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'Drivers in rural areas need fuel duty rebate'

By Western Morning News  |  Posted: November 16, 2011

Petrol
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Businesses based in remote areas such as Devon and Cornwall should get a fuel duty discount to offset eye-watering prices at the pumps, an MP has told ministers.

The call, by Westcountry MP George Eustice, came as the Government was faced mounting pressure to ditch a 3p-a-litre rise in fuel tax in the New Year.

Politicians from across the divide yesterday demanded ministers scrap the planned hike to help families and businesses struggling to fill their petrol tanks.

A backbench motion, debated yesterday and signed by more than 100 MPs, called on ministers to take firm action.

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And MPs last night unanimously passed the motion calling on the Government to consider a "price stabilisation mechanism" to tackle rising fuel costs.

As MPs heard how rural areas are hardest hit by increases, Mr Eustice, Tory MP for Camborne and Redruth, proposed a remote areas "fuel duty rebate".

He said firms "specifically located in peripheral regions like Cornwall" should get a chunk of the tax back.

"I don't think it should be beyond the wit of man," Mr Eustice said in the Commons. "It could be a very powerful regional policy." Sarah Wollaston, Tory MP for Totnes, added there is a "compelling case" for Chancellor George Osborne to stop the 3p rise. She told colleagues a car is not a "luxury but an absolute necessity" in the countryside, and warned of the damage the hike would cause Westcountry industry.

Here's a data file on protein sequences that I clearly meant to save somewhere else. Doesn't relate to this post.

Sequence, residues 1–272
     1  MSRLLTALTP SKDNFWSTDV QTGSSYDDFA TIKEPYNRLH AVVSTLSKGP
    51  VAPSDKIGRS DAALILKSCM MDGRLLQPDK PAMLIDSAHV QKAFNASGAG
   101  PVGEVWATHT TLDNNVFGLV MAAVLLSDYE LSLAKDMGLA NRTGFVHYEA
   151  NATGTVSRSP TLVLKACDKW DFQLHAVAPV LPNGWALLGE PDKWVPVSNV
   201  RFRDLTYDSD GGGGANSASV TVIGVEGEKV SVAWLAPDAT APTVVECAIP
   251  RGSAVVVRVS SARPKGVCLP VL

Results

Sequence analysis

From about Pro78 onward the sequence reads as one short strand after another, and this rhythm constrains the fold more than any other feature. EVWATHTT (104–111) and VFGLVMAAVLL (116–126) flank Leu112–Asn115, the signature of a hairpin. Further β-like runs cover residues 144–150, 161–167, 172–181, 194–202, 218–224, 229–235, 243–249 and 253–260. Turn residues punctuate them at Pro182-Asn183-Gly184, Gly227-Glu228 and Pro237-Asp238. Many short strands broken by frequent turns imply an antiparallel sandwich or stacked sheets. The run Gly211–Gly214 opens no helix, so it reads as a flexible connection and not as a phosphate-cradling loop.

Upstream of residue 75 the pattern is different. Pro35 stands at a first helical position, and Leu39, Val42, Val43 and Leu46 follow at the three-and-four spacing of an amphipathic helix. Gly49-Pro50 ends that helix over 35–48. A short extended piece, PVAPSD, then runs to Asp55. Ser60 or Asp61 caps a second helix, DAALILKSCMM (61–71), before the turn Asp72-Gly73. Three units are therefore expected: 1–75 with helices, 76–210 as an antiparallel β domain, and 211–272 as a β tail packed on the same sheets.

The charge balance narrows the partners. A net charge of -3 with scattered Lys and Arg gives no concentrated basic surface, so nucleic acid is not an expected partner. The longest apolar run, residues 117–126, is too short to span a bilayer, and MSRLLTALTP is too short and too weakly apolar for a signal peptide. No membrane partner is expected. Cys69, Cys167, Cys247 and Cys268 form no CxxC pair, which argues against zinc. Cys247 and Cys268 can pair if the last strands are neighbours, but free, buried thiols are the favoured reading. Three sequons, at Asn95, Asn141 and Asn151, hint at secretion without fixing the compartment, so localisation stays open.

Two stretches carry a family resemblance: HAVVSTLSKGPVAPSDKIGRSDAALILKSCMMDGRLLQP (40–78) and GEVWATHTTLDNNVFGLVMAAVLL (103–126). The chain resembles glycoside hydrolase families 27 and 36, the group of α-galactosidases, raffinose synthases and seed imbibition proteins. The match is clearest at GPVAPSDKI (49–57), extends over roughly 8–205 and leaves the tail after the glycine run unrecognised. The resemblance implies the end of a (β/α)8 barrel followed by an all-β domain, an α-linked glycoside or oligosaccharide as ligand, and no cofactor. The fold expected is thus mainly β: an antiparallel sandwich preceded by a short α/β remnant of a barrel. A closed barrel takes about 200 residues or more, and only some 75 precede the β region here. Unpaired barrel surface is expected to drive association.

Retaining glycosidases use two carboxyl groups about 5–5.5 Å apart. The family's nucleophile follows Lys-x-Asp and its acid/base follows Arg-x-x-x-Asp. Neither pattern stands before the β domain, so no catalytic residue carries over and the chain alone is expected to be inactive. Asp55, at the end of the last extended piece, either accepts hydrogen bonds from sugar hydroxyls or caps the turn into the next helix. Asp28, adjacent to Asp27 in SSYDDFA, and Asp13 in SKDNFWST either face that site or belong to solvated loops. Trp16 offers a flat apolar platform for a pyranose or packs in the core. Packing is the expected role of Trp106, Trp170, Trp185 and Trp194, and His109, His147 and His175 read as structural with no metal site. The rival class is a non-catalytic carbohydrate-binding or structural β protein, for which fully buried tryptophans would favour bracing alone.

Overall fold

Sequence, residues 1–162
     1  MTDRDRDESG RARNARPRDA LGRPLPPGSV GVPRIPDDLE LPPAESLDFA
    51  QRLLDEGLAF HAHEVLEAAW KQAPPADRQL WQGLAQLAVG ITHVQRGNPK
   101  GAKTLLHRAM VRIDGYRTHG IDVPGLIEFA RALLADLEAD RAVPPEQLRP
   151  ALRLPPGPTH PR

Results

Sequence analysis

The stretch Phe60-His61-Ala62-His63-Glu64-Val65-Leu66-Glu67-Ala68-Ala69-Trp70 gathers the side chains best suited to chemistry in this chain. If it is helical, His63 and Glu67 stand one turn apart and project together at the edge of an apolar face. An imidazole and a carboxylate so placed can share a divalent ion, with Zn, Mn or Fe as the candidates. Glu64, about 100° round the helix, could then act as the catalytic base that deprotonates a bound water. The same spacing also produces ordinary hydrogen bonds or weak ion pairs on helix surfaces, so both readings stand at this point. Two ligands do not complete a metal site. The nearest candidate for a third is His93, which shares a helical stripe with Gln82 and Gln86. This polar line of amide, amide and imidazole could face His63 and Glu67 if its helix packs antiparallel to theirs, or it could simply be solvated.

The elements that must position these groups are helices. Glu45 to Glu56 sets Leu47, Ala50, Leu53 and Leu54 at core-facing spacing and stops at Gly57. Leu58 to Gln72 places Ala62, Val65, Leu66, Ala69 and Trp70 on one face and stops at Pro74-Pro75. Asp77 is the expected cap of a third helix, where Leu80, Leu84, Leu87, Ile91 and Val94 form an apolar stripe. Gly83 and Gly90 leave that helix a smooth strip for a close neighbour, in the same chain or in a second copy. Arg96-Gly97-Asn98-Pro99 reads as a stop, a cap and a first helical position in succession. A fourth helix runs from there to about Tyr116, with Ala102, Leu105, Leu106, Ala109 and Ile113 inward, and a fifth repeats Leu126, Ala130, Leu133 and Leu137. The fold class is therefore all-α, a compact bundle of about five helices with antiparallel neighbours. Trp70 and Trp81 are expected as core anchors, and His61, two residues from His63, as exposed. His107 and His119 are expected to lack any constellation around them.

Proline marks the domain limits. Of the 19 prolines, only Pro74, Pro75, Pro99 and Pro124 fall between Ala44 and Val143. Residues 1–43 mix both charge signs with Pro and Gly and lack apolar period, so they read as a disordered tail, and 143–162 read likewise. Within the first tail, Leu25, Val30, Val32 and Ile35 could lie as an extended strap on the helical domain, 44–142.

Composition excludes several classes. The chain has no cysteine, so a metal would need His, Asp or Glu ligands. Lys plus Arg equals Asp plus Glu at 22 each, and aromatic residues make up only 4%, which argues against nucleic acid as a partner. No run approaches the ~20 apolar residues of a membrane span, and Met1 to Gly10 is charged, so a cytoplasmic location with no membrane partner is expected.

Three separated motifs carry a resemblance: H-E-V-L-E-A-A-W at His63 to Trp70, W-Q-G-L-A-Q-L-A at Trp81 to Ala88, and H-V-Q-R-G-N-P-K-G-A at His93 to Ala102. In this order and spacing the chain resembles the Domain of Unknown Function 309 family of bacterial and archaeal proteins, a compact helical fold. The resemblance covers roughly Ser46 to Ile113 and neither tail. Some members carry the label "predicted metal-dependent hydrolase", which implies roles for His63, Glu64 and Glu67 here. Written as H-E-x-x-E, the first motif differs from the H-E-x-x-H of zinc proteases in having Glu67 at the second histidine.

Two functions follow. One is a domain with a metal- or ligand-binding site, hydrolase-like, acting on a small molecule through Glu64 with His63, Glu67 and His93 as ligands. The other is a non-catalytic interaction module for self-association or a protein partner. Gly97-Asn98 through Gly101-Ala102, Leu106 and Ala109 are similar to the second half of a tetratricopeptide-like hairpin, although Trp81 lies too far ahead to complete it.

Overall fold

Dr Wollaston cited the extra £24,000-a-year the rise will cost Ivybridge, Devon-based recycled tyre manufacturer Bandvulc, which uses more than 500,000 litres of fuel annually.

She told MPs: "It's just one example of a family-run manufacturing business producing local jobs with a sustainable product that wants to stay in Devon but knows it would make economic sense to relocate part of their businesses to Eastern Europe as part of the fuel duty rise."

But the motion was "watered down", critics claimed, compared to an e-petition signed by 100,000 people, which triggered the debate.

Halting January's 3p rise in petrol duty was not mentioned in the motion. Critics argued this explained why the Government did not insist Tory and Liberal Democrat MPs voted with the Government and against the motion.